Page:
Do you notice also that he is an answer to a great human need? There in Lydda there is a man who is sick and he needs Jesus, the hand of the Great Physician [Acts 9:33-34]. And when he comes to Joppa there is a godly woman by the name of Dorcas who has sickened and died: human need [Acts 9:36-37]. This woman Dorcas must have been a very affluent woman. She gave what she had to the Lord, and she was filled with good works. And not only did she take what she had and give to the Lord, but she also worked with her needle and sewing. She made coats and garments and gave to the poor [Acts 9:39]. Now you would think a woman like that would live forever, wouldn’t you? But the Book says that she sickened, and died. And that is one of the most inexplicable things that I see in human life. Every time a good woman dies like Dorcas, there are a thousand prostitutes walking up and down the streets. Every time a good man dies, there are a thousand worthless bums begging on every corner. Why is that? That is one of the strangest things in the world. These sorry, good-for-nothing, flotsam and jetsam of humanity that are an reproach to the name of God, filled with cursing and violence and rejection and evil and darkness and sin, they seem to have some kind of an earthly immortality. I don’t understand it. The heaviest frosts do not freeze them and the overflowing rivers don’t drown them. They just continue to live.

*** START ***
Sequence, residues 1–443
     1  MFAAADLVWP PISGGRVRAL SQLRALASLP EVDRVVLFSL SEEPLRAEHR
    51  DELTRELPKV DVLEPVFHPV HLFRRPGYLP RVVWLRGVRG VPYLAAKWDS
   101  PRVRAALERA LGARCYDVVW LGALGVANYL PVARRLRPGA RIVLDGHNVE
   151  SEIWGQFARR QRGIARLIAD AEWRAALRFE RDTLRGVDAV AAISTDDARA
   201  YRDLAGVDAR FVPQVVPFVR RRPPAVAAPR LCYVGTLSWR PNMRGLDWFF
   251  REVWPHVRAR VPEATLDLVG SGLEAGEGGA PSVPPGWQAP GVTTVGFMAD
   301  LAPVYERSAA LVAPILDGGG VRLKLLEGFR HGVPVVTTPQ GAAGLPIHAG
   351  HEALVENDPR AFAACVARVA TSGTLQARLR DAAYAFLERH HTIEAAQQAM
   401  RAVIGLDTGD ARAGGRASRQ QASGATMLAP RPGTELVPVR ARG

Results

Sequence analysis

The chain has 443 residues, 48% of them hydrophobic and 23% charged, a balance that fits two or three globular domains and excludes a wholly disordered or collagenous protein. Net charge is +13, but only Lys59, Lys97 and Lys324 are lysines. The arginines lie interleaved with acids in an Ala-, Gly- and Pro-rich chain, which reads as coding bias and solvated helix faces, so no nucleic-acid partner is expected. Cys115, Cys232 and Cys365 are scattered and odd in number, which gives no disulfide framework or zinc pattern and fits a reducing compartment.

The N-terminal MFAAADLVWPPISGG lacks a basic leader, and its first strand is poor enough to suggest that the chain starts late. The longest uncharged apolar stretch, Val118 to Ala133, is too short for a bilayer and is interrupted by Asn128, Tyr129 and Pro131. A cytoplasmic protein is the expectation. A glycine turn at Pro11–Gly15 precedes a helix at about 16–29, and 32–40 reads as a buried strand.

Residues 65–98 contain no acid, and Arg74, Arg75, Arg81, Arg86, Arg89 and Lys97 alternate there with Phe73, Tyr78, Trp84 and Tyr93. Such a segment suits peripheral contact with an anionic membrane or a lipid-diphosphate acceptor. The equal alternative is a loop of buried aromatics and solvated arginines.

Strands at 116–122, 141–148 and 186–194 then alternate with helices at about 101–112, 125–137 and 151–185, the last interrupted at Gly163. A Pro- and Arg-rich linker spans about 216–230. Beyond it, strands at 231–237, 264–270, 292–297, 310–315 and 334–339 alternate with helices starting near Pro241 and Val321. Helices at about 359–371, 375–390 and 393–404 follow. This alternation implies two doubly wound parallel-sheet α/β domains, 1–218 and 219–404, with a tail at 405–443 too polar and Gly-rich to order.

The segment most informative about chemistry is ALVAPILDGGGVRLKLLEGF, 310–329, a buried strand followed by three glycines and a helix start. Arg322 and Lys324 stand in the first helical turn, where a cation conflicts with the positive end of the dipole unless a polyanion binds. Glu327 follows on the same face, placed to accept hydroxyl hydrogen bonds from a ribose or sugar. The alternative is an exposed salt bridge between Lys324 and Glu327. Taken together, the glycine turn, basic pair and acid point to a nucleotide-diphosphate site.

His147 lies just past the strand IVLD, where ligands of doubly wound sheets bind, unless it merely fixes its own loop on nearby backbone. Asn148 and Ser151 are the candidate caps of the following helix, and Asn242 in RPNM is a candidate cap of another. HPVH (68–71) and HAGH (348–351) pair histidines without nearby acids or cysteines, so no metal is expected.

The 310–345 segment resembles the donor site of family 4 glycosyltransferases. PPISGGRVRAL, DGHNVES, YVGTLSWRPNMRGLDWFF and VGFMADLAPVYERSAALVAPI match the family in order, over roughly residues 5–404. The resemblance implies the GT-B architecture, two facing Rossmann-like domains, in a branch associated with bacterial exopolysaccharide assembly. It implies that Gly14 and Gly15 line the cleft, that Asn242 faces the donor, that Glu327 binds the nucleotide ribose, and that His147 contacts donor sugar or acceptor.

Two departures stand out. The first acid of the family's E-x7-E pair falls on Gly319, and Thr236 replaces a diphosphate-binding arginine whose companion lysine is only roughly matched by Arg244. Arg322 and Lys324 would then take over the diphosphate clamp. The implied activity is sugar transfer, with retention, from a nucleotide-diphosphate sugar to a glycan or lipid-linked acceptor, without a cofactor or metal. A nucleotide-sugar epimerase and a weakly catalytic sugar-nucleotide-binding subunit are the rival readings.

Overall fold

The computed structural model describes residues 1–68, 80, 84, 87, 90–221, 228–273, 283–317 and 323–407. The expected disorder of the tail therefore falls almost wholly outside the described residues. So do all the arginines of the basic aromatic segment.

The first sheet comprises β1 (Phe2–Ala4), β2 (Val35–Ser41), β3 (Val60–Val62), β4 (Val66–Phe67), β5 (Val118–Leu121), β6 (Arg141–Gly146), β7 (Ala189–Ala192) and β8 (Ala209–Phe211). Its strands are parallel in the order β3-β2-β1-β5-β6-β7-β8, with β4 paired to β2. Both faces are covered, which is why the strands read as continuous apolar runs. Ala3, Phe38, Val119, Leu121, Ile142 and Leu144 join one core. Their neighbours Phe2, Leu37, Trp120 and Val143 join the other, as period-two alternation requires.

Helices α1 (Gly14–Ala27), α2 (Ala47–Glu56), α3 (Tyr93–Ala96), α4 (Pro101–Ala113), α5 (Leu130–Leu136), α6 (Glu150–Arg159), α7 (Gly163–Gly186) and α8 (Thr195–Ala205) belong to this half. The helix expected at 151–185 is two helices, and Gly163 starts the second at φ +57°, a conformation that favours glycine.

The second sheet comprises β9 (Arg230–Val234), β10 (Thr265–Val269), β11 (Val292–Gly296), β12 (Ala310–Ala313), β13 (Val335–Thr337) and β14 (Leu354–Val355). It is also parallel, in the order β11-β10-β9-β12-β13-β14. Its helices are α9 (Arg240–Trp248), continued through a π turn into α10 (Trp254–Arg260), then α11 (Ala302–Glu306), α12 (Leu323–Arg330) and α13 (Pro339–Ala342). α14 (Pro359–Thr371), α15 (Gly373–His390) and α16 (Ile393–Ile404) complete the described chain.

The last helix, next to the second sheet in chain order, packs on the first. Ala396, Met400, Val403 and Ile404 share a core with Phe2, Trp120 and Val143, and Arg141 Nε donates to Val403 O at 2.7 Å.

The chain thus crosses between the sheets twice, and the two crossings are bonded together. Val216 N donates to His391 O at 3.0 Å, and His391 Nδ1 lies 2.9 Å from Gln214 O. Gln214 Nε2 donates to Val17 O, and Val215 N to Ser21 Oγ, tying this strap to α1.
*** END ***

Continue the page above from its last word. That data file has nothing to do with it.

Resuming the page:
Take a fellow like this butcher of Uganda named Idi Amin. If ever there was a reproach to the human race, that wretch is one. Uganda was our brightest mission field. One of our men, Jimmy Hooten and his family, worked in Uganda. When I was there preaching in that nation, I met a young black pastor who, from the September of the previous year to that spring of the year that I was there, in about nine months or less, he had baptized more than one thousand converts into his Baptist church. It was a jewel, Uganda. And now it has reigning over it a pig, a dog, a wretch! And they have tried to assassinate him time and again. And how many good men, able, have been assassinated, but they don’t kill him? Like Castro, how many attempts have been made on his life? But he still swaggers all over the Spanish world pouring out his revolutionary, despicable, communist faith and religion. I don’t understand those things. I don’t see them. But there they are.